Students react to mask policy changes

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The CDC announced changes to its mask recommendations Feb. 25 saying masks are required only where the community COVID-19 level is high. BYU made mask-wearing optional two days earlier. (Brigham Tomco)

The CDC announced Feb. 25 they no longer recommend wearing masks in all public settings, confirming recent actions taken by The Church of Jesus Christ of Latter-day Saints and BYU to relax mask mandates.

The CDC’s new guidelines urge mask-wearing only where COVID-19 community levels are high, taking into account the hospital admissions, bed space and number of new cases recorded.

Following a surge in cases caused by the omicron variant of the virus, Utah county’s COVID-19 community level is low, according to CDC data.

This graph shows the change in Utah County COVID-19 cases over the past few weeks. The information provided comes from the CDC and usafacts.org. (Made in Canva by Brigham Tomco)

Anticipating the CDC’s announcement by a week, the First Presidency of the Church released a statement on Feb. 18 giving local sectors the freedom to alter or abandon mask requirements.

“Local leaders should consider the guidance of local health and government officials and local customs and conditions,” the letter said.

The following Wednesday, BYU updated its mask policy, citing encouraging trends in COVID-19 case numbers.

“Masks will now be optional in classrooms and other indoor spaces on campus, except in certain situations as directed,” the update said.

After nearly two years of mask requirements on campus, these sudden changes came as a relief to many BYU students, although not everybody is ready to abandon their masks.

For Marx Acosta-Rubio, an economics major from Texas, the changes are long overdue.

“I think it’s about time,” Acosta-Rubio said. “I thought it should have been voluntary from the beginning.”

Despite his strong opinions toward mask requirements, however, Acosta-Rubio acknowledged BYU did the best it could to find compromise in a tense and uncertain environment.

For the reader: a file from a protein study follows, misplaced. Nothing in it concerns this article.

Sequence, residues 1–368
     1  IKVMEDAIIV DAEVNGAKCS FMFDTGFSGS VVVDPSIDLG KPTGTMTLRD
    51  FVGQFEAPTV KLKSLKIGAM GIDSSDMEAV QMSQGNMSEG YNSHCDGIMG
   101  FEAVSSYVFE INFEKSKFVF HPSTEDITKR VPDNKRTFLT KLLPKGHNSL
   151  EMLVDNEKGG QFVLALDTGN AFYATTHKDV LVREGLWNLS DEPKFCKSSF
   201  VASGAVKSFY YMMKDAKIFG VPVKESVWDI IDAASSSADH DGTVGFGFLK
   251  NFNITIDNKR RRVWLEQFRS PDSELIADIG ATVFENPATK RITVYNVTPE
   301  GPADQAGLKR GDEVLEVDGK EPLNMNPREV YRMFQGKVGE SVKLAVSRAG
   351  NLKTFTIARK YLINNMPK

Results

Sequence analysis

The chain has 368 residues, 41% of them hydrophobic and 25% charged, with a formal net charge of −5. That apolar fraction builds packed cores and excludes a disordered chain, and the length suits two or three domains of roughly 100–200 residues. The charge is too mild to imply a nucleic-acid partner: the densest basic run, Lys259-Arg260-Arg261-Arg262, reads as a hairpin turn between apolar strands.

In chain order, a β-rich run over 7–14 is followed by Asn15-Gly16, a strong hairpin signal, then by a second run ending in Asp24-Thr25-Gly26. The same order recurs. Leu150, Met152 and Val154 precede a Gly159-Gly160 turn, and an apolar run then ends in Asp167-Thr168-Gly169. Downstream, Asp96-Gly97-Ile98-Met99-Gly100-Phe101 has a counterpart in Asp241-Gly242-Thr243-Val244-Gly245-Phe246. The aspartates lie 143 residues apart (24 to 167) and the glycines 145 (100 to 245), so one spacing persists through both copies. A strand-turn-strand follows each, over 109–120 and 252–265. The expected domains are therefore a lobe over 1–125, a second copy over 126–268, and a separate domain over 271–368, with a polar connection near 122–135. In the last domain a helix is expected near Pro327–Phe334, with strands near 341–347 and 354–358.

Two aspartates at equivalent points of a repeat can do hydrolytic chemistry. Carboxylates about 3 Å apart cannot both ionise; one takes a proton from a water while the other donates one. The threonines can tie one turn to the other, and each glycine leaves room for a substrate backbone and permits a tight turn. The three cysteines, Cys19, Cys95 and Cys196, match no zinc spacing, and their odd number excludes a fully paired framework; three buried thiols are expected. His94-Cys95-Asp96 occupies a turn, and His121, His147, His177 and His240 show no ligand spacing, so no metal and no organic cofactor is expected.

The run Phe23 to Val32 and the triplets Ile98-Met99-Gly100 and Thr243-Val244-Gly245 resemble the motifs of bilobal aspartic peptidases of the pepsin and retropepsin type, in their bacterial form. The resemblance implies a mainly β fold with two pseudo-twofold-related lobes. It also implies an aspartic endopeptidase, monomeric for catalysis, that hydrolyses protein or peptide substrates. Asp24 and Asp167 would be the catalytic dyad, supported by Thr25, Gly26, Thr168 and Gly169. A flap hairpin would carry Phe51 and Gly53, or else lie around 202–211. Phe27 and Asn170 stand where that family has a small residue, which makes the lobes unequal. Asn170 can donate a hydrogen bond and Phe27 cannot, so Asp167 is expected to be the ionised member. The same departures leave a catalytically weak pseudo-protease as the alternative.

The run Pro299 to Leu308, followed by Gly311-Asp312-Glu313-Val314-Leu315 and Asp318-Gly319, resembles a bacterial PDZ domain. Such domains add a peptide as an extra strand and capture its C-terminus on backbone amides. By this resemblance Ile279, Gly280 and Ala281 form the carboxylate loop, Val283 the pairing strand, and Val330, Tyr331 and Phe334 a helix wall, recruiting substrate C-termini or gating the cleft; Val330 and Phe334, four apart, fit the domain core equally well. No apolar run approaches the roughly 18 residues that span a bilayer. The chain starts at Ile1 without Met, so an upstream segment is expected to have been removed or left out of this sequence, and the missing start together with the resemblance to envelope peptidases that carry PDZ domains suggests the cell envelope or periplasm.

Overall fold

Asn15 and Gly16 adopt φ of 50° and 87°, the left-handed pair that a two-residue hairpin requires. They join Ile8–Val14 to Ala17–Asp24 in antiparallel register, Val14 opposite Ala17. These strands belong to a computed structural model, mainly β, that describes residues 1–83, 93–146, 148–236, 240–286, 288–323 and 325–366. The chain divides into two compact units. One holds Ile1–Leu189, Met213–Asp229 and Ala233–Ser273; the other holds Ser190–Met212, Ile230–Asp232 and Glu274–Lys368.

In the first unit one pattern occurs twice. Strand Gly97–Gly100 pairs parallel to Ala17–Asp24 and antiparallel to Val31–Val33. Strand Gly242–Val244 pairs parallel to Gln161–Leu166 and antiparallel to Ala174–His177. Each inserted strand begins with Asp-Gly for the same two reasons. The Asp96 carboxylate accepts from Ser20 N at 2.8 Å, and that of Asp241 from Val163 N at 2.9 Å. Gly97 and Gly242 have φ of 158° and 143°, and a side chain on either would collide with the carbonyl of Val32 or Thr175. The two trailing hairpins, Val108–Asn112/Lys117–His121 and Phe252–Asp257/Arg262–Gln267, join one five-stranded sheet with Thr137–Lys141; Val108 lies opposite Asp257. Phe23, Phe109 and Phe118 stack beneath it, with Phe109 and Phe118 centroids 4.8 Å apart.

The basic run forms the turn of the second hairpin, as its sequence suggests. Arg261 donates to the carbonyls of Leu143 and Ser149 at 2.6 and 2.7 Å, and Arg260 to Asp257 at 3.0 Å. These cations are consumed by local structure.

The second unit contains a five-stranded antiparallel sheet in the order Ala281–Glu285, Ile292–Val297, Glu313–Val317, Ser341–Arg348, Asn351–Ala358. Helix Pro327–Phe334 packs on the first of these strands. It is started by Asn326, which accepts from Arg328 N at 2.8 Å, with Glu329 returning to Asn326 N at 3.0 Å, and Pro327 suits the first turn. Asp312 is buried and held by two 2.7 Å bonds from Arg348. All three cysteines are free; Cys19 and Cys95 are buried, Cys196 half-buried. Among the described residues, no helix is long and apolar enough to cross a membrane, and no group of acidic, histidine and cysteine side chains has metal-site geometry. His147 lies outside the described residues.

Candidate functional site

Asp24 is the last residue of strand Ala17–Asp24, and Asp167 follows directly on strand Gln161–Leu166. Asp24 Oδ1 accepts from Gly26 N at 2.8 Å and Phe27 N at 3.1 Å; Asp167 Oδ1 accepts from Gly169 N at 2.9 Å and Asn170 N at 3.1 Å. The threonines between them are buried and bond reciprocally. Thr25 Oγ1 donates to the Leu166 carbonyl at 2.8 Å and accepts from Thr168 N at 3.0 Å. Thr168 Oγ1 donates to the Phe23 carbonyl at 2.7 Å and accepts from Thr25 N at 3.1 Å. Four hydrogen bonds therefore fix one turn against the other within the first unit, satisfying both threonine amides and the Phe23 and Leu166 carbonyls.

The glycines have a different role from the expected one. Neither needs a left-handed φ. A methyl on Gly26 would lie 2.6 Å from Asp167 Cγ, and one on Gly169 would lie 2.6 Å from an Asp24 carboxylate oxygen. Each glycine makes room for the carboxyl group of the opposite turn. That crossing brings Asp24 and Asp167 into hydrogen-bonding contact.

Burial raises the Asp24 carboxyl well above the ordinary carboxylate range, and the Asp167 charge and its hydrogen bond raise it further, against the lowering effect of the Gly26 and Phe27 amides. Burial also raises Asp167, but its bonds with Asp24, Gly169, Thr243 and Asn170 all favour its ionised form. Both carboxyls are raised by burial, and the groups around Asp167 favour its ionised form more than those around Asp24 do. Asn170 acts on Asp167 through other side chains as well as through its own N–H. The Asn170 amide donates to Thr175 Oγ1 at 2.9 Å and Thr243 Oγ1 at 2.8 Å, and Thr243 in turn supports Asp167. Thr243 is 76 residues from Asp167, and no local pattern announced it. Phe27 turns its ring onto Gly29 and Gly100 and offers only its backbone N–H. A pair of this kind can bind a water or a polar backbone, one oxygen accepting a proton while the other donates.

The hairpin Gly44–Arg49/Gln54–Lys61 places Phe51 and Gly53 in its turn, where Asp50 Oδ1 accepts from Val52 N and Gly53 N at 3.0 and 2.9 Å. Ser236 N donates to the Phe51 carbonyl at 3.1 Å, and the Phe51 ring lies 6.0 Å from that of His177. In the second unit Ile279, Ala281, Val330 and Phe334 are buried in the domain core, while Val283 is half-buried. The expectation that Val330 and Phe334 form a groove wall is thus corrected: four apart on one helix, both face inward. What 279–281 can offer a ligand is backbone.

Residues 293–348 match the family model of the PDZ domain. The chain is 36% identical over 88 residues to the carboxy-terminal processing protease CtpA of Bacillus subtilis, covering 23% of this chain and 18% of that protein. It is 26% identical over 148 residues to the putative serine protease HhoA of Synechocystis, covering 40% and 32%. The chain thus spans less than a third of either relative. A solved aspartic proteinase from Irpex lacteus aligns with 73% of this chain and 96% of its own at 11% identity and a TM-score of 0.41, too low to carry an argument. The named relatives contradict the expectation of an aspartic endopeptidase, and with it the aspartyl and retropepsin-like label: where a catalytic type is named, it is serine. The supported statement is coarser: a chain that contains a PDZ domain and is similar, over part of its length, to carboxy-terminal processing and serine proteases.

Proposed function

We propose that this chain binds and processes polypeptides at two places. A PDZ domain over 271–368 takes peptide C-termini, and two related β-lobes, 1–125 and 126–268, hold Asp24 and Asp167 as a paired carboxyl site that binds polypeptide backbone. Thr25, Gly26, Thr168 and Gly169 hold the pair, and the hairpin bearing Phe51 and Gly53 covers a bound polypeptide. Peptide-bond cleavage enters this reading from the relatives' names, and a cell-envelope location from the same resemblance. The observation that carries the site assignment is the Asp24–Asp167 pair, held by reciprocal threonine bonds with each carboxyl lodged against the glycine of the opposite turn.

“I understand the university is in a difficult situation because of how politicized of an issue this became,” he said.

Students like Jacob Carver, a marketing major from Washington State, said he trusts the Church’s and university’s announcements are a comforting sign the pandemic is finally coming to an end.

“I think it’s good we are taking steps forward to get ourselves out of the pandemic, and I’m hoping this means there are lower cases,” Carver said. He added he still felt the need to do more research to judge whether it was a good idea to start lifting mask mandates.

Other students like freshman nursing student Cole Kendall worry the more relaxed policies are premature and could result in more COVID-19 transmissions.

“Personally, I feel like they could have waited a little longer. We’re still in the heat of things and numbers are still pretty high,” Kendall said.

Recognizing that differing views on mask mandates are inevitable, Kendall insisted the mask policy should not change how we treat each other.

“As long as people are respectful about people’s decisions, whether it’s wearing one or not wearing one, it’s not something I feel needs to be super controversial,” Kendall said.

Another thing that should not be controversial, according to most BYU students, is that masks will not be missed. “I’m not gonna miss wearing masks for sure,” Carver said, laughing. “I don’t think anyone will.”

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